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Investment advisers face £40m FSCS levy

The Financial Services Compensation Scheme has announced that financial services firms face a total levy bill of £240m for 2011/12, with investment intermediaries accounting for about £40m.

This comes on top off of the £93m interim levy on advisers for 2010/11, mainly to cover the cost of failed Keydata unit Lifemark.

The annual levy for the investment intermediation sub-class is up from £20.3m last year.

Total levies for 2011/12 have fallen compared to the levy total for 2010/11 of £474m.

For the life and pensions intermediation sub-class, the levy has gone from £9.6m last year to an indicative levy of £10.5m.

The levy for general insurance intermediation has shot up from £59.6m to an indicative levy of £93.5m for 2011/12.

Most IFAs will fall under both investment intermediation and general insurance intermediation sub-classes, depending on the make-up of the business they write.

The FSCS predicts that claims relating to payment protection insurance are likely to increase to about 20,000 in the coming year.

It believes that high-profile investment failures, such as Keydata, are likely to fall away to a total of about 2,500 claims.

FSCS chief executive Mark Neale says: “We have discussed our estimates for the coming financial year with all the trade organisations and listened to industry concerns about the costs of protecting consumers.

“We always welcome a healthy debate about our work and encourage the industry to play a constructive role in the FSA’s consultation on our future funding. At the same time, we have a duty to compensate people with eligible claims. This helps to build consumer confidence and contributes to financial stability.

“Our indicative levy for 2011/12 reflects our commitment to providing the best possible service to consumers and the industry.”

The FSCS says a further levy will be announced in the summer to cover interest on Treasury loans made to support the failed institutions Bradford & Bingley, Heritable Bank, and Kaupthing Singer & Friedlander.

The FSCS says it is currently working out a repayment schedule with the Treasury, and once this is agreed will inform the industry as to when levies are due, how much they will be and on which class or sub-class they will fall.


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There are 13 comments at the moment, we would love to hear your opinion too.

  1. Crikey, all that money needed by the FSCS (in addition to what the banks have to pay). Looks like a lot of people failed by regulation. Now to be paid for by those who are doing the right thing, or their clients anyway………

  2. Perhaps the FSCS could you give me another 28 seconds to pay for it!

  3. Armageddon ?

  4. Looks like the FSA are really failing in their ability to regulate will all these levies and fees against failure. Just what have they been doing. If they had been doing their jobs properly, no-one would have failed and no investor etc would have lost monies, no-one would have been given bad advice. I think that the FSA should be judged by how much compensation is paid out. Oh, and it should be apportioned to Banks & IFAs, just so we know who they are failing to regulate properly.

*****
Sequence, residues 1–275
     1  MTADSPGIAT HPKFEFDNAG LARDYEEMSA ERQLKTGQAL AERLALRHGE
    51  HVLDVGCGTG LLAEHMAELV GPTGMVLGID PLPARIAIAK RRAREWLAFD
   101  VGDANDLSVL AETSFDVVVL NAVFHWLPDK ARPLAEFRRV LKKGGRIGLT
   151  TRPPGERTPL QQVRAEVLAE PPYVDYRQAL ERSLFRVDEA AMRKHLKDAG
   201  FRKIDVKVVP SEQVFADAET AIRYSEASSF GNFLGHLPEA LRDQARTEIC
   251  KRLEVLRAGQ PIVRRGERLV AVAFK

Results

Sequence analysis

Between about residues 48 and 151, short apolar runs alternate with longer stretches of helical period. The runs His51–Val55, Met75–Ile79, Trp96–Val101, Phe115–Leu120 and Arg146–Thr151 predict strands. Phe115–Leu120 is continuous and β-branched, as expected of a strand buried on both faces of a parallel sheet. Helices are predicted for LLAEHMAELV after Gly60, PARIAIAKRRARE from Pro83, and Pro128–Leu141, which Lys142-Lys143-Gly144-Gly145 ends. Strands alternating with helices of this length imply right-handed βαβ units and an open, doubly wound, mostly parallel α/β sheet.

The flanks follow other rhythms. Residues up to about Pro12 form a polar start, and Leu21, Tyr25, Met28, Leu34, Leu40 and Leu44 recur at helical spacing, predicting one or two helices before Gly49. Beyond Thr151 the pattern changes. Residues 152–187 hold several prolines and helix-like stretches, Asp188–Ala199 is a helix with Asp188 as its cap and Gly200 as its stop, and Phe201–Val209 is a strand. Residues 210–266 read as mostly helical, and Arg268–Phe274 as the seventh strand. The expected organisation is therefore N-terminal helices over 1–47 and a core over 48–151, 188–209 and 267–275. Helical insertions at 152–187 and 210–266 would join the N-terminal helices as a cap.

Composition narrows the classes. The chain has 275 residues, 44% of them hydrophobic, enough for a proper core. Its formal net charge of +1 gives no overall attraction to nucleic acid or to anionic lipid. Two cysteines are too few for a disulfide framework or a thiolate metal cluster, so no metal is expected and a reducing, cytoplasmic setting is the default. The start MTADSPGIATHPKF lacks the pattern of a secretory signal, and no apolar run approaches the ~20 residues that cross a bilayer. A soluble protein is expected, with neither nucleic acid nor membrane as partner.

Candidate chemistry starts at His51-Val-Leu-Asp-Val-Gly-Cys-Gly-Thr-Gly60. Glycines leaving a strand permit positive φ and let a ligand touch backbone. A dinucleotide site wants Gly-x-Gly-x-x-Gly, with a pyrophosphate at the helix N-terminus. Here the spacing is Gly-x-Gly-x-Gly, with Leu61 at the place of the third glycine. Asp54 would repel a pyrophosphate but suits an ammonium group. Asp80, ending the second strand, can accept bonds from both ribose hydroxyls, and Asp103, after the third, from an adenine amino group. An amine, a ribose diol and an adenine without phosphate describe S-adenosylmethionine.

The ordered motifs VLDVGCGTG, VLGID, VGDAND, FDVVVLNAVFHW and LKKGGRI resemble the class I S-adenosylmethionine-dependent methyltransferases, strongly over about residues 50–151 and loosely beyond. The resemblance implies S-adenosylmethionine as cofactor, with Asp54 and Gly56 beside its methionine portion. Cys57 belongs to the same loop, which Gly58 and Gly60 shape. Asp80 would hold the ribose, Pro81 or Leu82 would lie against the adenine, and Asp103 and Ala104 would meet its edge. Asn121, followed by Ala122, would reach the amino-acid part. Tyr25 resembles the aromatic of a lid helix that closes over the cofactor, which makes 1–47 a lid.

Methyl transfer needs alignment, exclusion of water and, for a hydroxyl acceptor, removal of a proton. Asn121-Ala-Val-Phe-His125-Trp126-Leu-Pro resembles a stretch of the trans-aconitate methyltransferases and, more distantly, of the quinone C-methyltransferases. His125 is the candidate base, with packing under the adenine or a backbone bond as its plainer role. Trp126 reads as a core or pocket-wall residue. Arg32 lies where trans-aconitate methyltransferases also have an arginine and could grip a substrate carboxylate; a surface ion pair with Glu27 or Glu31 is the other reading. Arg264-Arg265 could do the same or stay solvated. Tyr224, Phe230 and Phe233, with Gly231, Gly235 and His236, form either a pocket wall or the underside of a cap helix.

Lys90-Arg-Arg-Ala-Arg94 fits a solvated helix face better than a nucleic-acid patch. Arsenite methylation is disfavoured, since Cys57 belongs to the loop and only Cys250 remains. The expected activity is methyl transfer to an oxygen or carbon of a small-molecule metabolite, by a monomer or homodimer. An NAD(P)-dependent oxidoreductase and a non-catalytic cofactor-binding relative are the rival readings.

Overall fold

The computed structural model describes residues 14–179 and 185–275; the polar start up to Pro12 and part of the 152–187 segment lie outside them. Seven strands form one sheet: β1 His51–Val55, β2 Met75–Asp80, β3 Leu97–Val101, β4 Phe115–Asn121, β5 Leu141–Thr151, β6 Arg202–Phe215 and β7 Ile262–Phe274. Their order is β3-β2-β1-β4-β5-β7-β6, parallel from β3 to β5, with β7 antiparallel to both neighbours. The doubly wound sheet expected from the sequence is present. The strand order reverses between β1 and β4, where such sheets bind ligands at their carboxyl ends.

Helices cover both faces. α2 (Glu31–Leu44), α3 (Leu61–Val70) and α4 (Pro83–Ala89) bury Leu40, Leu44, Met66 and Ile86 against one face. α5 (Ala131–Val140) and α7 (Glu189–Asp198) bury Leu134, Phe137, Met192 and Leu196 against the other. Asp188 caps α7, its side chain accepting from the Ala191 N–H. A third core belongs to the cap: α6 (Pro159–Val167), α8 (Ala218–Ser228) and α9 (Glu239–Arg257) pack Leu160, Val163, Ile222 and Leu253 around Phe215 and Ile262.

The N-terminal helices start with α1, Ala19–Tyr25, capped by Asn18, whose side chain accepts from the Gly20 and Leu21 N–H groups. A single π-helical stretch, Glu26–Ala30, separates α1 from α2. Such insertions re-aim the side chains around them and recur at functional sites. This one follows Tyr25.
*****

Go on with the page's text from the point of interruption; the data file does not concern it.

5. We cannot go on like this or we will all be out of business.
    We are subject to an unaccountable oppressive regime.
    Lets take a leaf out of the Egyptians book.
    March on Canary Wharf and PROTEST.

  6. Why don’t the executives at the FSA pay it? after all, they presided over the regulation of the failed firms!!! Oh sorry I forgot, they were asleep on the job again!!!!

  7. Failing Somnolent Authority

  8. Why do we have a regulatory regime that is more reactive than proactive to wrongful advice? Why do IFA firms have to pay for wrongful advice they have not given? Why is the emphasis on protecting the majority of the public from wrongful advice when they are not affected by wrongful advice? By all means recompense the minority of the general public who have suffered wrongful advice but why not simply penalise the perpetrators of this wrongful advice? Answer we need a regulatory authority that is answerable to parliament and a governing body that is better represented by qualified financial advisers.

  9. Where may I ask is the perpetrators Professional

    Indemnity cover in all this?

    Surely it’s simple enough for the PI provider to notify the authorities immediately if cover lapses and for them to act swiftly and accordingly.

    Oh sorry my mistake…..’swiftly’ does not feature in their domain, more like, shutting the door after the jolly old horse has bolted.

    Fit for purpose, I think not!

  10. 93 million here, 40 million there, oh not forgetting the 474 million in the corner, 20.3 million under the sofa,

    I love the comment from Mark Neale is he saying, many thanks for the trade organisations for popping along and we have listened to your view but tough luck your people have got to pay or the T O ‘s just sat around enjoying the tea and biccies agreeing to it all.

    I would love to be a fly on the wall

  11. Surely it is now time to raise the profile of all these issues by a physical protest outside Canary Towers. The issues have now been put to MP s who are more aware of this dire situation. However there is very little coverage in the media of the damage being done to the availablility of Independent advice by an incompetent regulator.

  12. HES

    I also think the time is right !!!

    I think a date needs to be set to march on Canary Towers

  13. May the Lord God Help us All.

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